Volume 4, Issue 49
December 8, 2011

Two ways to avoid adding
pounds during the holidays

This is a great time of year. The holidays bring us close to family and friends. But there’s a down side. It’s almost impossible to avoid all the wonderful “treats” of the season. From cookies, cakes, and pies to breads and pastas, the temptations to overindulge in carbohydrates is ever-present. And overindulgence will almost always result in weight gain and, eventually, disease.

Next to eating processed food and sugar, the worst thing we can do to our diets is to eat too many carbohydrates. This is probably the most influential factor driving the disease rate these days. But when I tell a patient they have to lay off the carbs, I often hear, “You don’t understand, doctor, I’m addicted to them. I can’t seem to stop.” Since the obesity rate in the U.S. is around 40%, this is an extremely serious problem. This time of year, it may seem especially hard to say no to all those treats. But let me give you two ways to make it easier – and avoid that annual holiday weight gain.

The first comes from a recently released study that gives a simple solution to these cravings.

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In this study, the researchers looked at the effect of various levels of protein in the diet. They followed 22 lean patients over three four-day periods. The subjects did not know the protein, carbohydrate, or fat content of the foods they were eating. And they were allowed to freely choose how much food they ate, including snacks.

During the first study period, the participants ate a diet consisting of only 10% protein and 60% carbohydrate. In the second period, they ate 15% protein and 55% carbohydrate. And in the third period, they ate 25% protein and 45% carbohydrate. The researchers kept the amount of fat constant at 30% in all the diets. Here’s the interesting thing that happened.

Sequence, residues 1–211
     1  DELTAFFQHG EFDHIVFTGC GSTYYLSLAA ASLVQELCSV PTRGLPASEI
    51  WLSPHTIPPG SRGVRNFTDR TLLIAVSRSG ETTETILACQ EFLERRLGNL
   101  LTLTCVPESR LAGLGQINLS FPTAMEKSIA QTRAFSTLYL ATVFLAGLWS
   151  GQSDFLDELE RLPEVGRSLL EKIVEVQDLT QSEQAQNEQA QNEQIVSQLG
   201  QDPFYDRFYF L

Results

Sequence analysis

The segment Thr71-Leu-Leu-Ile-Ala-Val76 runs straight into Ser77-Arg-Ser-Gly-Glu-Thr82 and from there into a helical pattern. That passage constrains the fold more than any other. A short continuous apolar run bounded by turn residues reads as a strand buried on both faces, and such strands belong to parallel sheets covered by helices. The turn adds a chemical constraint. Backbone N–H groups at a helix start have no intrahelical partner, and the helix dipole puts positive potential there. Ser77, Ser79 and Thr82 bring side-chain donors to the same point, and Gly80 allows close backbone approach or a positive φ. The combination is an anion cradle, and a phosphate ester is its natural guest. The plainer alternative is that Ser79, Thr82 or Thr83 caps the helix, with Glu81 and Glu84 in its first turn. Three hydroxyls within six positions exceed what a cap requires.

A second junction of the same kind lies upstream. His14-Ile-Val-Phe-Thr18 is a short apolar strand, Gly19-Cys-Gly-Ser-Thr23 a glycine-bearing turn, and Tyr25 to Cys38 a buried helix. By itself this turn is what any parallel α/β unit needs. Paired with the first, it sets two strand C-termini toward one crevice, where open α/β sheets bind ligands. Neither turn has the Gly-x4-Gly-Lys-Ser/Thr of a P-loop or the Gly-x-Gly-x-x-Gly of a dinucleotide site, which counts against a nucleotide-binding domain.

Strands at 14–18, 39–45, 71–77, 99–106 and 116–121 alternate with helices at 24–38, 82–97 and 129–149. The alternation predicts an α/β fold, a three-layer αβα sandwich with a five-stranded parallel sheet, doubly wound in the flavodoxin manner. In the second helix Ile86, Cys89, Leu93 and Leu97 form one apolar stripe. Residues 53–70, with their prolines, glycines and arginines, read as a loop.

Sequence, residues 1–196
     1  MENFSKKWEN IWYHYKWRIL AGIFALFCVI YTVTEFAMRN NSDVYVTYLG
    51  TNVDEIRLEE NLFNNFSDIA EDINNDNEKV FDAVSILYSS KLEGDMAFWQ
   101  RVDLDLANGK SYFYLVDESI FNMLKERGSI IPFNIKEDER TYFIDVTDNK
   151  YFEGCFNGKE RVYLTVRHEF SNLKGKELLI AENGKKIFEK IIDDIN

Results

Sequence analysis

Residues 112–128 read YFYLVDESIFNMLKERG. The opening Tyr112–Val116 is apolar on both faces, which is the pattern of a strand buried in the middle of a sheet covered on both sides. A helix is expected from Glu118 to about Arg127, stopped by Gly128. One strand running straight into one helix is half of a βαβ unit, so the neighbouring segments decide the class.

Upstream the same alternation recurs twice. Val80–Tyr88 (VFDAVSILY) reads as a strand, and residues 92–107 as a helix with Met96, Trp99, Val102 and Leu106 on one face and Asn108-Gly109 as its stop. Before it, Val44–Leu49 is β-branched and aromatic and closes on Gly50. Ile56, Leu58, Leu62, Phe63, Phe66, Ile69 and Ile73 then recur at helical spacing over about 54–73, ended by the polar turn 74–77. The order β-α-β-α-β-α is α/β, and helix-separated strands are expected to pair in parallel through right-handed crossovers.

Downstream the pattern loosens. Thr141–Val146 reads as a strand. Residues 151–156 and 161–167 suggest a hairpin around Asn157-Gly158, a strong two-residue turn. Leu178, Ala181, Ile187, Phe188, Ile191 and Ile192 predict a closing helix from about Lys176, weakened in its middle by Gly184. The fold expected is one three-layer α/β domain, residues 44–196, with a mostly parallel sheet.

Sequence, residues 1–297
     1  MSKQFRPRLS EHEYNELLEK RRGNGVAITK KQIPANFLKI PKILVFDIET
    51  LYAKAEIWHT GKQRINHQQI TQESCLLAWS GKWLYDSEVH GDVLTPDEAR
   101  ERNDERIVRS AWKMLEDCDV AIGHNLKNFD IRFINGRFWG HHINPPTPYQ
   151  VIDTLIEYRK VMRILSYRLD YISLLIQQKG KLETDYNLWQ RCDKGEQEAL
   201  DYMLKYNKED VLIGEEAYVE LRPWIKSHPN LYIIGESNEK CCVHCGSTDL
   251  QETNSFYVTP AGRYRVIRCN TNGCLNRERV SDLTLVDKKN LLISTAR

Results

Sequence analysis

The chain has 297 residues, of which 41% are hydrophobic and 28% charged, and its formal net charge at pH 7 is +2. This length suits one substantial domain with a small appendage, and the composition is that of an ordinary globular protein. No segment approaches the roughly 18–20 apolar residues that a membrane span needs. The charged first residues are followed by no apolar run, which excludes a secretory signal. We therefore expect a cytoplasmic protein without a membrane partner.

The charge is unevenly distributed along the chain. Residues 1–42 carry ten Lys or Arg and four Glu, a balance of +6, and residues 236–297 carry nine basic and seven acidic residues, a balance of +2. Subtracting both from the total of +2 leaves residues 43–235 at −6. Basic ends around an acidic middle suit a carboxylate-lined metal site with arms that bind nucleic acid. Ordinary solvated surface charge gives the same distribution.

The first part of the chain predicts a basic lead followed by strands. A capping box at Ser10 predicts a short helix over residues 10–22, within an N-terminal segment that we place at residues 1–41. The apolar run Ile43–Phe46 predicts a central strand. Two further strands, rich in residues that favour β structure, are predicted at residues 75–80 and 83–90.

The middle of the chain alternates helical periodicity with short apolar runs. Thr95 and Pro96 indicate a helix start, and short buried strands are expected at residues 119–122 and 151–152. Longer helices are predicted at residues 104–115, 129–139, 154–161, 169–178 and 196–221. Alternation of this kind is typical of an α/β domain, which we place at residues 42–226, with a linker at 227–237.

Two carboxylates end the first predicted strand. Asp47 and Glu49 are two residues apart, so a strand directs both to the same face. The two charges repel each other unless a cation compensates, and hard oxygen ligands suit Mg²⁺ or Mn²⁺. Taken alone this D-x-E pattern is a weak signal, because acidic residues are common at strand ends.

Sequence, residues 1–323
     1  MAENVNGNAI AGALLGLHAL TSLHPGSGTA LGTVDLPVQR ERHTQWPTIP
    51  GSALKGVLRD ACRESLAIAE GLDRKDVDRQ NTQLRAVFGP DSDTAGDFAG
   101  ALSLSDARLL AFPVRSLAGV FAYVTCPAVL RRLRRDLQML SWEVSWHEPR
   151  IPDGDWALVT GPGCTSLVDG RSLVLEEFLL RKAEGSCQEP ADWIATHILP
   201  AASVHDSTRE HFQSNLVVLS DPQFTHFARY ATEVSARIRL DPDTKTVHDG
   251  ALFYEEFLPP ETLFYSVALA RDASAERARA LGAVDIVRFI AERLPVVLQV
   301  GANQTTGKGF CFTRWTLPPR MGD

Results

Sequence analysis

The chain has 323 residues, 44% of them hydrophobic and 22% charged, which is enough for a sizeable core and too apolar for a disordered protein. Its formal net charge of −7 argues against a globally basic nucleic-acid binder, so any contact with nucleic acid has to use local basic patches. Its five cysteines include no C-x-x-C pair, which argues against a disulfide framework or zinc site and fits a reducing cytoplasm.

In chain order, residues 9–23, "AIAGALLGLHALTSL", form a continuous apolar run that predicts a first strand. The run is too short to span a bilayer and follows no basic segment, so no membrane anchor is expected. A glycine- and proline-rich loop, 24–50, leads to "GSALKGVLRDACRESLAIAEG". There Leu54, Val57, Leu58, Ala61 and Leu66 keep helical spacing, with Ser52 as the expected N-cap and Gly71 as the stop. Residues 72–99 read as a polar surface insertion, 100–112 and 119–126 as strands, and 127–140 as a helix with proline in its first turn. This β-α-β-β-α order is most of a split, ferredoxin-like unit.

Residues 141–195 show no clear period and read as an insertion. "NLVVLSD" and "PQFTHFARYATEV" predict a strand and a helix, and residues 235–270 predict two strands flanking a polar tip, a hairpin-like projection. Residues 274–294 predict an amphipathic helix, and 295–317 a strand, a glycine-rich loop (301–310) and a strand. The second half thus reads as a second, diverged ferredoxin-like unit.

When they were on the 10% protein diet, they not only ate much more, they also snacked much more. In short, they developed an increased craving for carbohydrates. But when they increased the protein composition of their diets to 15% and 25%, this didn’t happen. This study points sharply to the likelihood that many people who are overweight and crave carbohydrates are that way because they do not eat enough protein.

Alison Gosby, PhD, of the University of Sydney in Australia and lead author of the study, commented on the results. She said, “Our findings have considerable implications for body weight management.”

Dr. Gosby believes that a decline in the ratio of protein to fat and carbohydrates in the diet both increases the desire to eat more. It also increases a particular desire to eat more fat and carbohydrates. I believe she’s right. So how much protein should you eat to avoid the weight gain and other problems?

The data from this study showed that eating more protein than 15% did not confer any advantage in this regard. So for the so-called average 170 pound adult, this means you need to eat only about two to three ounces of protein per day. You can achieve this by eating around one pound of meat, 10 eggs (obviously, you don’t have to get all your protein from one source), or 7 ounces of chicken breast.

If you have especially strong cravings for carbs, supplements can help. Try taking Craving Quencher from Advanced Bionutritionals. It can help you overcome emotional eating, which is an especially big problem through the holidays.

Finding your Real Cures,

Frank Shallenberger, MD

Gosby AK, et al "Testing protein leverage in lean humans: A randomized controlled experimental study" PLoS One 2011; DOI:10.1371/journal.pone.0025929.

Low-Protein Diet May Lead to Overeating By Kristina Fiore, Staff Writer, MedPage Today October 13, 2011.

Copyright 2011 Soundview Publishing, LLC.

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